Rider is an area resource conservationist for the Natural Resources Conservation Service, which falls under the U.S. Department of Agriculture.
The agency employs 153 people in the state, including eight in Salisbury’s area office covering 31 counties.
To put it simply, Rider is a federal employee who has been placed on furlough by the government shutdown.
“I said, ‘Nah, they’re not going to shut down the government,’ ” Rider recalls of how he felt heading into last weekend.
But they did, and instead of moping and piddling around his house, Rider decided it was a perfect opportunity to put in more volunteer hours for his favorite nonprofit — the American Red Cross.
“There are so many things you could get involved with,” Rider says. “You just got to do it, whether you’re on furlough or not.”
— Mark Wineka, Oct. 6
When she decided to earn a college degree, 65-year-old Vernell McCullough wanted the complete undergraduate experience.
She enrolled in day classes at Livingstone College, not the evening program favored by most nontraditional students.
She ate in the cafeteria, walked to classes and struggled with homework.
McCullough even lived in the dorms for two years.
“I wanted to make a change,” she says simply, explaining why a great-grandmother and associate AME Zion pastor from Rock Hill, S.C. would not only go back to college in her seventh decade but subject herself to dorm life.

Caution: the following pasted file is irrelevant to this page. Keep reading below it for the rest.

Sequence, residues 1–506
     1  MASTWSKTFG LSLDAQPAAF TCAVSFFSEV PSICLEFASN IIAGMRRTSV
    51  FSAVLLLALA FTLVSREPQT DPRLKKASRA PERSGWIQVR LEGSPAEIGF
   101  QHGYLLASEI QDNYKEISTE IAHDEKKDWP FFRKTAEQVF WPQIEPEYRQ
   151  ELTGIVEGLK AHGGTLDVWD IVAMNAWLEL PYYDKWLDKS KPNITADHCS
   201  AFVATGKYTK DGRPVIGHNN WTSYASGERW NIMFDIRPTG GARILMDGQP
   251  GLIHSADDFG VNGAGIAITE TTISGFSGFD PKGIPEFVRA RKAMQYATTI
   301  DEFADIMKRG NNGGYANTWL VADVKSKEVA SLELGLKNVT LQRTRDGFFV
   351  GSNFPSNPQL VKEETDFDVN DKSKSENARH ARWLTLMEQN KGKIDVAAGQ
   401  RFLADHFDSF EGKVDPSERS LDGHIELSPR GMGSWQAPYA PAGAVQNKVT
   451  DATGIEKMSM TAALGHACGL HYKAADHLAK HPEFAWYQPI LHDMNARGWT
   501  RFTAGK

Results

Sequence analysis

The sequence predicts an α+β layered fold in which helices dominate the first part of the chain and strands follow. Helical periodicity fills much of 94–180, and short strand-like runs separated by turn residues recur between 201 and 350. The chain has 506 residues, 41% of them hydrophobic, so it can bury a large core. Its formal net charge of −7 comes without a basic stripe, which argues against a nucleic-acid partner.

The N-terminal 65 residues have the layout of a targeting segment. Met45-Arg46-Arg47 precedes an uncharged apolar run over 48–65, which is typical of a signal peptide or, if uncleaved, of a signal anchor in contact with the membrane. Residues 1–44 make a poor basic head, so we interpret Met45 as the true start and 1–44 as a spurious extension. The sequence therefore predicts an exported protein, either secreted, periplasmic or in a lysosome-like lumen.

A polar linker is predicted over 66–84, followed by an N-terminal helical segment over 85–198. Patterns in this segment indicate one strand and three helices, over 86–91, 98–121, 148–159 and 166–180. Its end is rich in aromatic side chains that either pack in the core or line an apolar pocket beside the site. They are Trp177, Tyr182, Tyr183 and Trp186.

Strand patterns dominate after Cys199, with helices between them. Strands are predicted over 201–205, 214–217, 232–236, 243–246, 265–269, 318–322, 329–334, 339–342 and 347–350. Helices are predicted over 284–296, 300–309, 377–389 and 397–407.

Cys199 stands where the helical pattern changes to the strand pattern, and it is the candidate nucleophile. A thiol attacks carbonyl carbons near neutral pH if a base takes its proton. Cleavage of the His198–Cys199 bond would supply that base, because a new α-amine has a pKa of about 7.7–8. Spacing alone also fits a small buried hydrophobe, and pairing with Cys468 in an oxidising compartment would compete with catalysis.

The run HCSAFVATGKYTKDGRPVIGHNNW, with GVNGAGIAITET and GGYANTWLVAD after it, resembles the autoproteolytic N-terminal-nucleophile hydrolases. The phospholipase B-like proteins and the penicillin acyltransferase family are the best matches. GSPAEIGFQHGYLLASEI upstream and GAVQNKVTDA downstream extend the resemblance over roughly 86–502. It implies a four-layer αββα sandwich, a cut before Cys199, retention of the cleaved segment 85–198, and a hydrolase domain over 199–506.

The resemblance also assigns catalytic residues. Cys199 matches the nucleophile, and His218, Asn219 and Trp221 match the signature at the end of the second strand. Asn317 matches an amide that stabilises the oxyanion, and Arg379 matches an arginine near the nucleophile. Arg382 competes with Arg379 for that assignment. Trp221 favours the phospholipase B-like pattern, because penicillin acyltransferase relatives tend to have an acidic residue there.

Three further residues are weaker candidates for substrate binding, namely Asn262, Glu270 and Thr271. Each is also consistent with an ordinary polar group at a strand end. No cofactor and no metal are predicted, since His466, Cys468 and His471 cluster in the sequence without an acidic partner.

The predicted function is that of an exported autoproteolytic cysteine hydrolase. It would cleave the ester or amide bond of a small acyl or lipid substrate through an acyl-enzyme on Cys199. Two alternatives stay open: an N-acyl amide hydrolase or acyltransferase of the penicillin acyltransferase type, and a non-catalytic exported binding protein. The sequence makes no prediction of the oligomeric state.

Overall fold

McCullough’s unusual path would prove a wise choice. She didn’t know it at the time, but her decision to enroll in the religious studies program at Livingstone and live in the residence halls, surrounded by women in their teens and early 20s, would provide the strength and support she would need in her darkest hours.
Tears streamed down McCullough’s cheeks when she emerged from Varick Auditorium, diploma in hand and great-granddaughter Mellody Richardson, 8 months old, in her arms.
Tears of joy but also tears of sorrow, McCullough said, as she remembered her teenage grandsons, Kelvin Richardson and big brother Matthew Richardson — Mellody’s father — who died Nov. 18, 2012 in a car accident in South Carolina.
McCullough earned her degree, she said, for them.
Gary Webb’s pickup has four new tires, a new starter and one appreciative owner, thanks to the kindness of strangers.
The folks at Discount Tire and ABC Towing combined to help Webb, a 55-year-old Army veteran and nine-year survivor of throat cancer. So many others offered their assistance, too, that Webb couldn’t believe it.
“I just don’t know what to say,” he said Wednesday afternoon from the one-room cottage he rents at Melba Court.
You might remember Webb as the down-on-his-luck veteran who woke up Sunday morning, walked out his front door and quickly realized the four tires on his Mazda pickup had been slashed.
Living on $710 a month in disability, Webb had just bought the Mazda B2000 pickup in late August for $2,000. He planned on renewing his driver’s license and relying on the truck to get him to places such as the grocery store and his appointments at the Hefner VA Medical Center.
— Mark Wineka, Sept. 12